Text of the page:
Accepting early retirement doesn’t mean automatic unemployment — Business Management Daily: Free Reports on Human Resources, Employment Law, Office Management, Office Communication, Office Technology and Small Business Tax Business Management Daily

Accepting early retirement doesn’t mean automatic unemployment

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To streamline the work force, some employers encourage early retirement and may even include an inducement in the form of enhanced benefits. But unless the employer informs the employee her job is endangered unless she signs up, the employee is probably not eligible for unemployment compensation.
    That’s because employees who retire in lieu of being discharged may have a “necessitous and compelling reason” to sign up—but employees who merely accept a sweet deal aren’t in the same boat.
    Recent case: Margarita Davila, a social worker for the city of Philadelphia, signed up for a city early-retirement incentive program. Employees who participate in the program have to leave within four years. Employees who don’t take the deal lose enhanced retirement benefits, but not their jobs.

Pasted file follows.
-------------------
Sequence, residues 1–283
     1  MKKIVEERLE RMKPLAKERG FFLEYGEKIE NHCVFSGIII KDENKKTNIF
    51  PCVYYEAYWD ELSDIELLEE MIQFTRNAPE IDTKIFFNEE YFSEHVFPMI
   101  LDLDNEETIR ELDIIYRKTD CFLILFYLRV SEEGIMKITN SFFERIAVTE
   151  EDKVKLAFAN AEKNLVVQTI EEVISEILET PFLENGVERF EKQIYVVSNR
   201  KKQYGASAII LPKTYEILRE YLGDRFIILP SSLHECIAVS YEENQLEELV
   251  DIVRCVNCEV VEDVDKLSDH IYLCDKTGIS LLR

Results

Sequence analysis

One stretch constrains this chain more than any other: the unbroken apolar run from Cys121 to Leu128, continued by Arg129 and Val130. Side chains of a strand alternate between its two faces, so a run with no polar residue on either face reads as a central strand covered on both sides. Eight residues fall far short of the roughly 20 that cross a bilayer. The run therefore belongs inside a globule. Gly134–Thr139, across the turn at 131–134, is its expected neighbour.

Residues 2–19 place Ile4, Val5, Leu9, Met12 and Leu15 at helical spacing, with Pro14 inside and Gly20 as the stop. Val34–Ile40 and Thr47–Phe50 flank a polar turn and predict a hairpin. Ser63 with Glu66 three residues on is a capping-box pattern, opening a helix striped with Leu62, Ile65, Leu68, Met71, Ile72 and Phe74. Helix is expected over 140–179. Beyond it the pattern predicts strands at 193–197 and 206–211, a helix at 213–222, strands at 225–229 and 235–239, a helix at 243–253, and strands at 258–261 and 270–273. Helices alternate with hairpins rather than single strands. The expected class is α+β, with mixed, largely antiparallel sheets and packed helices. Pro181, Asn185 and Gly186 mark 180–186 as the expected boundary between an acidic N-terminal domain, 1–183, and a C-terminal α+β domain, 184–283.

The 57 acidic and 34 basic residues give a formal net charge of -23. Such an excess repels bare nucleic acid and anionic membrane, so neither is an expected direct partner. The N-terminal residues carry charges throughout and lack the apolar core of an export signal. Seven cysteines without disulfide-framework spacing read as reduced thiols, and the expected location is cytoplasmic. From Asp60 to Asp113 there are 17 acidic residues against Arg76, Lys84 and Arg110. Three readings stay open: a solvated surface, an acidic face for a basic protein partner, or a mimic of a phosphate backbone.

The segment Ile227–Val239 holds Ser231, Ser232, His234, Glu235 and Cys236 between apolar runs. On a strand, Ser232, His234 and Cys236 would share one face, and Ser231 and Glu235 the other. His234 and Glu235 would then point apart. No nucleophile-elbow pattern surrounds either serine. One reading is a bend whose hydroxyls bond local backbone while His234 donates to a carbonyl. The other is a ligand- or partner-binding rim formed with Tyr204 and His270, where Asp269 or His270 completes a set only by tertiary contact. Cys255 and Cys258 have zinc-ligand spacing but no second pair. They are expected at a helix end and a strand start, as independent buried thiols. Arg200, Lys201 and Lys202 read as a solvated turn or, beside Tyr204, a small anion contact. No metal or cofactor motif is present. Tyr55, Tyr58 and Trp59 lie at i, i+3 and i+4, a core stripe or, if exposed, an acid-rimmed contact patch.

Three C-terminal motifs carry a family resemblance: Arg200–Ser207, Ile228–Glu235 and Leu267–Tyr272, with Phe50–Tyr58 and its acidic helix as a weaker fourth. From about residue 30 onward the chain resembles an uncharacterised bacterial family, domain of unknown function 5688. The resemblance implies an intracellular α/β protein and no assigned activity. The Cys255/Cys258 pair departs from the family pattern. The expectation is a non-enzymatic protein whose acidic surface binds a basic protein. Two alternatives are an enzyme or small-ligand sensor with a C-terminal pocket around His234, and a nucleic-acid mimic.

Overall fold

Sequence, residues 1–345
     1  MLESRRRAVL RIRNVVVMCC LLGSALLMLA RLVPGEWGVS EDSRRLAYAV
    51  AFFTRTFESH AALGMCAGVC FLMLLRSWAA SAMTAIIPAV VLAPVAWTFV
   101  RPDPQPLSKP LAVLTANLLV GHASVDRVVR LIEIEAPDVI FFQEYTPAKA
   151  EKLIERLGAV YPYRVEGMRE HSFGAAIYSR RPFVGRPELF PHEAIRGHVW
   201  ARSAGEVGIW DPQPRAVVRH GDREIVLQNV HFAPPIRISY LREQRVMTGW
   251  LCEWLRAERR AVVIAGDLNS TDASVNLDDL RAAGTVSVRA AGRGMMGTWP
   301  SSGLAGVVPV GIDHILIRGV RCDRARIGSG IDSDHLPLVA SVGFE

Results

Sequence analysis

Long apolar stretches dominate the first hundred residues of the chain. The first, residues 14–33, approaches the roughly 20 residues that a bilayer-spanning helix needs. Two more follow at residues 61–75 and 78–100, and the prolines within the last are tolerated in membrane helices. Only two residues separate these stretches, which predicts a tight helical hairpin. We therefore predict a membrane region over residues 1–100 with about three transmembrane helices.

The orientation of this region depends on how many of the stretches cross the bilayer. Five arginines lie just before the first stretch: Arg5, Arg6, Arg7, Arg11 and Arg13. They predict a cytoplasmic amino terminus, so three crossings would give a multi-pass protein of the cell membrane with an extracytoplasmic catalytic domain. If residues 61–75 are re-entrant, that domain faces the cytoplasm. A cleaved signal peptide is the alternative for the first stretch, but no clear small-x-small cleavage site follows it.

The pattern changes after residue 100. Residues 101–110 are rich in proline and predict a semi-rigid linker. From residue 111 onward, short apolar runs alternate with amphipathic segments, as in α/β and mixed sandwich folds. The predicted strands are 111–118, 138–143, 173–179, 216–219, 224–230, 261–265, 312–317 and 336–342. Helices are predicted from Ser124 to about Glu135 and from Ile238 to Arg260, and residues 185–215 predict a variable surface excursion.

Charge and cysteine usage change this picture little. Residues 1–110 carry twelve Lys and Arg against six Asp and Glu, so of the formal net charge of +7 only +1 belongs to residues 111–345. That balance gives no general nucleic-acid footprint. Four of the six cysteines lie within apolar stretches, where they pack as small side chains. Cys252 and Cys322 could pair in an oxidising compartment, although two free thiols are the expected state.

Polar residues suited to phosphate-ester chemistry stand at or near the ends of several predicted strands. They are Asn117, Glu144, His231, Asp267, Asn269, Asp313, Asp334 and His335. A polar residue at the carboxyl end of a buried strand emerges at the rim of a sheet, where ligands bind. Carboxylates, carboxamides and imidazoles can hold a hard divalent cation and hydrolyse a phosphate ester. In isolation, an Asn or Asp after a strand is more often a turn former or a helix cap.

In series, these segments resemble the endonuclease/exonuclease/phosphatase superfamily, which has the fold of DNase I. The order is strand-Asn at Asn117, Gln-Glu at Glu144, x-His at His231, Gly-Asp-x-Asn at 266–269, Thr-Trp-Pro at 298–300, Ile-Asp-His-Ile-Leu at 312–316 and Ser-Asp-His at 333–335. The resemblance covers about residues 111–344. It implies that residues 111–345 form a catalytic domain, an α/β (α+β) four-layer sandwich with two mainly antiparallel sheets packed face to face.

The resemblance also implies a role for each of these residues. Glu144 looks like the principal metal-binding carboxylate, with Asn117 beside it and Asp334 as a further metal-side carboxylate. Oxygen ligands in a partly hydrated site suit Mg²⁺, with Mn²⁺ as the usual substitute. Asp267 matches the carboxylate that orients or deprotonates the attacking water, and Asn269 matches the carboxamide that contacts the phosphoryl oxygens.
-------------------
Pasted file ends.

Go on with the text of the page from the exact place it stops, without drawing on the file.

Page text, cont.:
Davila retired and filed for unemployment, arguing that she retired under necessitous and compelling reasons. But the Commonwealth Court disagreed. Because she was never in danger of losing her job, signing up and retiring didn’t make her eligible for unemployment. (Davila v. Unemployment Compensation Board of Review, No. 255 C.D. 2007, Commonwealth Court of Pennsylvania, 2007) 

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